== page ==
Ghosts of Wyoming by Alyson Hagy/Beth Kephart Review

Sunday, November 8, 2009

I don't have a photograph of Wyoming, for I've never been there. I don't have a picture of my friend Alyson Hagy, either, though she was here one evening for a Christmas-time meal, and I have in my head the rigor and intelligence of her stories; I have in my mind's eye an image of her studying the books on my shelves; I remember that I had a terrible migraine before she arrived and her presence cured me of it like a pill.

I write of Alyson Hagy on this blog—of her talents as a teacher and leader within the University of Wyoming, of her talent for friendship, too. But today I am writing to herald Alyson's sixth book, a collection of eight wildly specific and original short stories called Ghosts of Wyoming. I'm heralding her relentless drive to present the Wyoming she knows—its tricksters, equivocaters, promoters, miscreants, and scamps; its legends and tall tales; its bird-afflicted weather; its eye-grazing, heart-bruising beauty.

The stories here take many forms and live inside several eras. Bad is not always bad and good is not what it seems. A boy steals a pup. A man goes missing. A girl does wicked thievery with bones. A reverend out in the wilderness can't decide what should be trusted. A woman on the edge of hysteria decries the loss of a moth. Men talk—trainmen and oilmen, a near-scholar. Women love hard and return as ghosts. The sky is made of howl and chirp and "the lusty flute song of larks," and "ravens...gliding with the confidence of the undiminished and unfed."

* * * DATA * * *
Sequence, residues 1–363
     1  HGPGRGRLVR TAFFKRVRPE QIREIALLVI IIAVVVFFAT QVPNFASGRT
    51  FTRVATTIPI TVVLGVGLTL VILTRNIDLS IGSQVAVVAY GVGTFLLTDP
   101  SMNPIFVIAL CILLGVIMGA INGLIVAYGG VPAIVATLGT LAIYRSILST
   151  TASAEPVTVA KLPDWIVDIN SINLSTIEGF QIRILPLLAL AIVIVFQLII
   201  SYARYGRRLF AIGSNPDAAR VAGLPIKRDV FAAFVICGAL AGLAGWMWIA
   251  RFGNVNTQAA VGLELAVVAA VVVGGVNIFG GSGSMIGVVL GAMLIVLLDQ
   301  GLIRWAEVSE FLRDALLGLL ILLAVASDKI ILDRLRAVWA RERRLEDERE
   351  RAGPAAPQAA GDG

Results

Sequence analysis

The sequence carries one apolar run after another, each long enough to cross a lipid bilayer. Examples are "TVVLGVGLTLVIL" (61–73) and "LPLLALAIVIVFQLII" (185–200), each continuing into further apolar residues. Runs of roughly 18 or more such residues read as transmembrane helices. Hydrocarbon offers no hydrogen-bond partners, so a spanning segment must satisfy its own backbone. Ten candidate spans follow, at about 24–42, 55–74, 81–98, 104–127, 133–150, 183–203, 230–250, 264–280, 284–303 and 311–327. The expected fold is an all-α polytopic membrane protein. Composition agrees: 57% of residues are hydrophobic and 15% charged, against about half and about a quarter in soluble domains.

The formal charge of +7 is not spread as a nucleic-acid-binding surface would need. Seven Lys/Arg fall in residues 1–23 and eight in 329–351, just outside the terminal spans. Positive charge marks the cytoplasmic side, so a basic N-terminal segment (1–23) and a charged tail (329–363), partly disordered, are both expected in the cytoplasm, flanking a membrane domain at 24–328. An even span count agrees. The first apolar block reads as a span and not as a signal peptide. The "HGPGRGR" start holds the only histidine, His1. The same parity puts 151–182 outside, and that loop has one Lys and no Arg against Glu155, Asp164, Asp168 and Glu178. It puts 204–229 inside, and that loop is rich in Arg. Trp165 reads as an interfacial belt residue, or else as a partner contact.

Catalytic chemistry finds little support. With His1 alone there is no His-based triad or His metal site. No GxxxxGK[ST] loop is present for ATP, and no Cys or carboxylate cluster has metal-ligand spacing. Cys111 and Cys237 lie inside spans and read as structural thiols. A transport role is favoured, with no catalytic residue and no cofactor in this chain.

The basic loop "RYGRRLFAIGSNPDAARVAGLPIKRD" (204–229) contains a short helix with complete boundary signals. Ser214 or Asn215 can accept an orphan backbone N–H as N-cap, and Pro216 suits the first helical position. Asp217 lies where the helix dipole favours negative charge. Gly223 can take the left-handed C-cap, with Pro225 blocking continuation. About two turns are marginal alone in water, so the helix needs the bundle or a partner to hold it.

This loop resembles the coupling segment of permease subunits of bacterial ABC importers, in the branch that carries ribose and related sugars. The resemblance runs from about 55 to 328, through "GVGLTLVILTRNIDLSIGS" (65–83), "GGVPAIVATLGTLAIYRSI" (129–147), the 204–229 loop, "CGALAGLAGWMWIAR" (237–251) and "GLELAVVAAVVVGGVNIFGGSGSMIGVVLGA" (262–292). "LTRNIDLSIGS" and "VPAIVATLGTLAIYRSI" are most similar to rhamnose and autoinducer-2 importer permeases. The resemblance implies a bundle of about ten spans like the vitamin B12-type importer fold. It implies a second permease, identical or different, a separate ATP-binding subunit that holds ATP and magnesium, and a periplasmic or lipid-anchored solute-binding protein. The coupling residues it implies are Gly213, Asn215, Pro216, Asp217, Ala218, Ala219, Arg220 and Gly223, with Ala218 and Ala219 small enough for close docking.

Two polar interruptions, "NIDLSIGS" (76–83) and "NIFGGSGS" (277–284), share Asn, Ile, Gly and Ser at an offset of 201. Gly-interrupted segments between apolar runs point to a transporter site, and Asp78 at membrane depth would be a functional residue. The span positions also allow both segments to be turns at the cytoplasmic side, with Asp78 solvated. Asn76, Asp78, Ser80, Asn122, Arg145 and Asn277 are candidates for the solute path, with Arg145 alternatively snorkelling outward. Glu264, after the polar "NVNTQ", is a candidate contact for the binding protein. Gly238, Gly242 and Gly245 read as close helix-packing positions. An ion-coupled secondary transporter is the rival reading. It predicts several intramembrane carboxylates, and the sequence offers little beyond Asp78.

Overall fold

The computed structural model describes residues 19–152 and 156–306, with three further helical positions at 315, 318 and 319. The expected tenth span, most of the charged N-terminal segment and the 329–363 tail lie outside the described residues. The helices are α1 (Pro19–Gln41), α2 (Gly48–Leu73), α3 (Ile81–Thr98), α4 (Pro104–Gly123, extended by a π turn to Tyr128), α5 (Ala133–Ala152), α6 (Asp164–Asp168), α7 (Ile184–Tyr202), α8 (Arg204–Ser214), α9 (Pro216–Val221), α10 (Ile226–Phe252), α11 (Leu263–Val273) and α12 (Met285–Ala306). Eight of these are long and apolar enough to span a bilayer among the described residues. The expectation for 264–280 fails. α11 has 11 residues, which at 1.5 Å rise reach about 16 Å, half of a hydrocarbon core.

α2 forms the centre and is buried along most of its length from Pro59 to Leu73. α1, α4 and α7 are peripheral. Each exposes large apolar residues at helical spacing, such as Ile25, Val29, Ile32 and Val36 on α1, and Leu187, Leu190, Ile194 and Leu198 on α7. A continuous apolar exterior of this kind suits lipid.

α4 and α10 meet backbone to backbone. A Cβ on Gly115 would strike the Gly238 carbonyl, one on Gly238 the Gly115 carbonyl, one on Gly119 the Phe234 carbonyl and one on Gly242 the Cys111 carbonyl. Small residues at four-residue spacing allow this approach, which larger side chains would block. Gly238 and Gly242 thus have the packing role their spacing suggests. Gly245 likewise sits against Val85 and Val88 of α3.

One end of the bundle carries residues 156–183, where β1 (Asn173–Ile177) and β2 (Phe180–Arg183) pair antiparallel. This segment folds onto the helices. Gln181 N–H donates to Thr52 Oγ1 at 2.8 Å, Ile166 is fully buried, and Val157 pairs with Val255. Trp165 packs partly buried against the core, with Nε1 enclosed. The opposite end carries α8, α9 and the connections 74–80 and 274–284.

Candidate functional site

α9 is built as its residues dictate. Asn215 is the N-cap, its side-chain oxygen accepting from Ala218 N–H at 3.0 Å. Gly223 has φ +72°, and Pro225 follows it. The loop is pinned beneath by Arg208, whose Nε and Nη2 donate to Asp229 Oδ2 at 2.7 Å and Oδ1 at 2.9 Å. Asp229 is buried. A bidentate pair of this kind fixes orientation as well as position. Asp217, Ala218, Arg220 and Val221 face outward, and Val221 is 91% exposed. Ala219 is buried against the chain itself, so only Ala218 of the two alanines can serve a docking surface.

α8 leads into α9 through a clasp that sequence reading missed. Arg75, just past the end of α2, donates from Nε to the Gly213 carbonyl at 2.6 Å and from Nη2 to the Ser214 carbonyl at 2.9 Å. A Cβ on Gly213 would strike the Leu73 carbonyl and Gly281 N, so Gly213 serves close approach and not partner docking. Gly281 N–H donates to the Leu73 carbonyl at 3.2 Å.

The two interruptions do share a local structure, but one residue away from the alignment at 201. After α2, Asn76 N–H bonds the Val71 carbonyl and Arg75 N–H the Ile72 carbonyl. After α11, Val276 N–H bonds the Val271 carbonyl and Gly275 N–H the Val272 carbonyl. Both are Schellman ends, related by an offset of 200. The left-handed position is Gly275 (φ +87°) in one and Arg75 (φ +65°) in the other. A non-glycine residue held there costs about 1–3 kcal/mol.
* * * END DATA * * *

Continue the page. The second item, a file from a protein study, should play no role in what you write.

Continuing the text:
"You know why people come here, Livvy," one character observes. "They like how the mountains look. They like the wild creatures they see, the fantasy that we can change our lives." I don't know for sure how long Alyson, raised on a farm in the Blue Ridge Mountains, has been making Laramie, Wyoming, her home. But anyone reading Ghosts, due out from Graywolf Press in February, will recognize, on every page, a woman and a writer who knows where stories lie and how to tell them. They'll find a woman gifted with a preponderance of odd and unfamiliar phrases, with metaphors that wild your mind and make a foreign place familiar.

I am blessed by many things in this life. One of those things is Alyson Hagy.


Laurie Schneider said...

Wyoming is an extraordinary place, even though my son says it is "too lonely" there. I will look for these stories.

[To respond to your question...I'm sure you will know lots of people at NCTE! But still.. I do believe Crag will be at the cocktail party and I will tell him to look for you. If they do name tags, his will say Crag Hill from Washington State University.]

septembermom said...

Your review is full of heart and appreciation. I will definitely check out these stories. I would love to see Wyoming some day. I hear that it is majestic.

Sherry said...

Thanks for posting about Alyson's book, Beth. I will look for it. Laurie Schneider, you live where I do! We need to meet before we move away. (Beth, WSU is 10 miles from me.) Love this small world we live in.
Photo: 5 stars!

J R Horton said...

Only strangers to Wyoming are trusted to write about the place.

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